Clemency

Board Denies Clemency for Death Row Inmate Whose Co-Defendant Received Life Sentence

The Georgia Board of Pardons and Paroles announced on March 31 that it had denied clemency to Joshua Bishop. Bishop had asked that his death sentence be reduced to life without parole because his co-defendant, who was nearly twice Bishop's age at the time of the crime, and had a history of violent crime while Bishop did not, was given a plea deal resulting in a life sentence. Bishop is scheduled to be executed in Georgia on March 31. Seven of the twelve jurors who voted to sentence Bishop to death now support a sentence reduction for a variety of reasons. Juror Jeremy Foston said he initially, "was leaning toward a life sentence because Mr. Bishop had a terrible childhood and was just a young man." Others said they were confused by instructions that the jury had to be unanimous. Juror Jim Ray wrote, "[w]e really struggled with our decision. We eventually changed our vote to a death sentence partly because we were told we had to be unanimous and those [two jurors] who wanted the death penalty were very firm in their conviction and let us know they would not change their minds." The belief that Bishop's co-defendant, Mark Braxley, would also face the possibility of a death sentence influenced some jurors' decisions. They say they would have sentenced Bishop to life without parole if they knew Braxley had received a plea deal for a life sentence. Juror Jeremy Foston wrote, "We wanted to make sure Mr. Braxley would get the same punishment as Mr. Bishop. We even sent a note out asking if we could know what would happen to him. The prosecutor told us not to worry about Mr. Braxley, and that he would have his day in court. We assumed that meant he would have the same treatment as Mr. Bishop."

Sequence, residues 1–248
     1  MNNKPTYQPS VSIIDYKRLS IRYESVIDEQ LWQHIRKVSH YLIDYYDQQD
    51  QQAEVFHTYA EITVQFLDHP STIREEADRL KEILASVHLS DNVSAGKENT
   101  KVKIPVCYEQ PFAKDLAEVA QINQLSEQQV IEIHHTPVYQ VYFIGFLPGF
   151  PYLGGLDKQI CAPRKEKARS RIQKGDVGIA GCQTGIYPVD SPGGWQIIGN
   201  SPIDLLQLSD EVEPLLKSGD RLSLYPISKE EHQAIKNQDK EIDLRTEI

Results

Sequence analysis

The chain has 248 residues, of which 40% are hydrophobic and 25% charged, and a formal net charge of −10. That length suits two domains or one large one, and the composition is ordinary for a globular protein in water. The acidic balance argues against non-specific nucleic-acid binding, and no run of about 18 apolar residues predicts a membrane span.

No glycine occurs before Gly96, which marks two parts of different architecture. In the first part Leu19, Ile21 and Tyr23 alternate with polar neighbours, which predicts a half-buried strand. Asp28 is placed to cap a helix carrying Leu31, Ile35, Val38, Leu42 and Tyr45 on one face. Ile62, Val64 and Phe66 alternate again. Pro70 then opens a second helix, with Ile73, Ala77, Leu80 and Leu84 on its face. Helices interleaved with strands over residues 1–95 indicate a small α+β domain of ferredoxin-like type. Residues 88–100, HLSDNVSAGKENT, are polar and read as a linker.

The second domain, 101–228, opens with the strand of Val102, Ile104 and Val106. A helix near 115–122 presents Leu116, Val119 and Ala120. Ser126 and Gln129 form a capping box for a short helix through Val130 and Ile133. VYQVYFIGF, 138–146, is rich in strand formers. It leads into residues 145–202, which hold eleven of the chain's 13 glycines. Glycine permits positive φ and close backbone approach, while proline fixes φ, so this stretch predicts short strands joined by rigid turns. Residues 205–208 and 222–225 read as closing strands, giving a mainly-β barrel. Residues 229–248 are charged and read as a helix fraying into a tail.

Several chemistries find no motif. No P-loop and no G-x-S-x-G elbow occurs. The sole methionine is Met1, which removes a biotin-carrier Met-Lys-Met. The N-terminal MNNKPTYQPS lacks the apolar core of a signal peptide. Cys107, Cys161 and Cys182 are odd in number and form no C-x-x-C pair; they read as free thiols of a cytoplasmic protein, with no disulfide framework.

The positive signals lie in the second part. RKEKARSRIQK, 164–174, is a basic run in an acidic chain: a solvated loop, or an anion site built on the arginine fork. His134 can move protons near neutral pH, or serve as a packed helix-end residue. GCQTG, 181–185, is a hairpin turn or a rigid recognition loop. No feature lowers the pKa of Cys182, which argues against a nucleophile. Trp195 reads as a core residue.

Georgia Naval Veteran Files for Clemency as More Culpable Superior Officer Will Become Eligible for Parole

Naval veteran Travis Hittson (pictured), scheduled to be executed by Georgia on February 17, has filed an application for clemency with the State Board of Pardons and Paroles. Hittson assisted his superior officer, Edward Vollmer, to kill and dismember a fellow sailor, Conway Utterbeck in 1992. Despite evidence that Vollmer was the more culpable of the two, prosecutors permitted him to plead guilty and receive a life sentence from which he could be paroled, while Hittson was sentenced to death. The clemency application, filed by lawyers from the Veterans Defense Program and the Georgia Resource Center, alleges that Hittson's death sentence is disproportionate to the punishment Vollmer received, given the significant difference in their culpability. The application says: "Mr. Hittson committed an appalling act; an act which took the life of Conway Utterbeck and harmed his family in profound and irreparable ways. Those who know Mr. Hittson, however – even law enforcement personnel who knew him only long enough to hear him confess and assist in the investigation of this crime – are united in their conviction that he is remorseful and would never have committed this terrible crime absent the deliberate manipulation of his codefendant and naval superior, Edward Vollmer." Vollmer convinced Hittson to help him kill Utterbeck by telling him that Utterbeck was plotting to kill them. "Mr. Hittson’s lower rank, gullibility, alcoholism and desperation for approval made him peculiarly vulnerable to Edward Vollmer who, by all accounts, exercised an unnatural dominance and control over Mr. Hittson," the clemency filing explains. Hittson's application for clemency is supported by other sailors who served with both Hittson and Vollmer, several jurors in the case, and an unnamed state prosecutor. The execution would be the second in Georgia in 2016. Andrew Brannan, the first person executed in Georgia last year, was also a veteran. Brannan suffered from chronic Postraumatic Stress Disorder and other severe mental illness related to his military service in Vietnam and was considered 100% disabled by the Veterans Administration.